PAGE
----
Music Therapy and Pain Management

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Music Therapy
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Music Therapy and Pain Management

Sophie Krefft

October 1, 2010

Background

Music Therapy

Music therapy is a health profession in which the therapist combines musical

interventions with a supporting relationship and seeks to improve the well
-
being of his
or
her clients

(
http://www.musictherapy.org/
)
.

There are
numerous

goals musical therapy
can seek to accomplish, namely the management of pain, reduction of stress and
anxiety, alleviation of depression, treatment of respiratory problems, exercising of joints
and limbs,
provision of control and self expression,
and gener
al promotion of good
health

(Bailey, 1986;
http://www.musictherapy.org/
)
.
The most common treatment
methods of music therapy are listening to music, singing, dancing, and creating music
(
http://www.musictherapy.org/
).

The
relief

of pain is a primary focus of music therapy,
and numerous studies have proven it to be effective for

alleviating

acute pain (Bailey,
1986; Locsin, 1981; Maslar, 1986; Melzack, Weisz, &

Sprague, 1963; Michel & Chesky, 1995
;
http://www.musictherapy.org/
).

Pain

There are two different kinds of pain: acute and
chronic. Acute pain is sudden but temporary pain,
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whereas chronic pain endures for a l
ong time, even years.
Pain is a signal of suffering in
one or multiple domains (physical, emotional, etc.) and its experience is highly
subjective (Maslar, 1986).

How intensely pain is experienced and the level it can be
tolerated at dep
ends on several fac
tors.
Expectat
ions of pain levels, suggestion

of how
well the treatment will work, mood of the patient

(especially
the presence of
anxiety

or

stress
), amount of focus on the pain,
and
intensiveness and duration of the pain, as well
as early childhood experiences and culture can all impact how an individual encounters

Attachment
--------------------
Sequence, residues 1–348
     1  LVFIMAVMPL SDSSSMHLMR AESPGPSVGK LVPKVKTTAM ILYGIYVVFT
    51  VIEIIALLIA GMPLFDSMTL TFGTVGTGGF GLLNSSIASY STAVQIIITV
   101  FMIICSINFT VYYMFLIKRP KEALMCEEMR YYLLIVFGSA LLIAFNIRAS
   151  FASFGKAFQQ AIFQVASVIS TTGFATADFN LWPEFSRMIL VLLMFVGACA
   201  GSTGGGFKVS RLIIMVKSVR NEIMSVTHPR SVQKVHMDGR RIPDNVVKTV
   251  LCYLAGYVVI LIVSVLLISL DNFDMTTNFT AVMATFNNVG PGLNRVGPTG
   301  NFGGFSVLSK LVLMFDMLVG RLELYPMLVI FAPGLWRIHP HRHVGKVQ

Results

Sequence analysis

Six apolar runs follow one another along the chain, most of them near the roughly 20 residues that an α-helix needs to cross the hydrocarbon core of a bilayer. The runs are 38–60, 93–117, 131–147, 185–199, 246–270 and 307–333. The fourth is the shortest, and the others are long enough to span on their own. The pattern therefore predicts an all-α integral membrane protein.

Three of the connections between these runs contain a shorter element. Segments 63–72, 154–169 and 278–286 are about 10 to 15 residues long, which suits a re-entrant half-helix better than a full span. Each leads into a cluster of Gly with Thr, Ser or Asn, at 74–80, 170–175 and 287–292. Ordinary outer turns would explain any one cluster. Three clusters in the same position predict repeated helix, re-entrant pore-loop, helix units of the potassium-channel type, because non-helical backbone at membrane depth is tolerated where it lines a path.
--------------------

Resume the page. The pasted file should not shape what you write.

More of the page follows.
pain
(
Locsin, 1981;
Maslar, 1986; Melzack, Weisz, & Sprague).
Initially, the pain is
fought naturally
by

the body
’s relea
se of

endorphins, a type of
neurotransmitter.

If the
pain persists, it
is typically treated with pain medication, but it can
also be treated by alternative techniques, which is where music
therapy
comes

in
to play

(Maslar, 1986)
.



Music Therapy and Pain
Management

Goals and Methods

Music therapy is generally used to reduce pain when medication does not
provide adequate relief
, in which case the th
erapy is combined with drug use
.
Another
reason for using music is when
pain
medications cause

serious side effects in a patient
and so cannot be used (
http://www.musictherapy.org/
). When music therapy is
employed

for pain management, its goals are to increase the patient’s comfort, well
-
being, and feeli
ng of control over pain (
Bailey, 1986; Melzack, Weisz, Sprague, 1963;
http://www.musictherapy.org/
)
.

The aforemen
tioned methods of music therapy, with the
exception of dancing,

can all

be applied when the therapy’s focus is
pain, and which
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method is chosen depends on the patient’s needs, experience
with music, and coping abilities.

Regardless of the method
chosen, communication between the therapist and the patient
is vital, both to all
ow the patient to participate in the selection
of music and to discuss the emotions and thoughts the music
elicits

(Bailey, 1986)
.

In Bailey’s review of music therapy in 1986,
she said that a

mus
ic therapist can
usually categorize a

client’s exp
erience wit
h music
into one of three
genres
:

performer,
listener, or “event
-
er” (
p. 26
).

A

performer is

define
d

as

a person who has
practiced
creating their own music, either by singing, playing an instrument, or
composing music.

Anyone who has spent time
keenly

listening to music

is classified as a listener
.

Lastly,
an event
-
er is described as a person whos
e

only interaction with music is when it is
i
ncorporated into another event, such as a wedding
.

All three of these groups can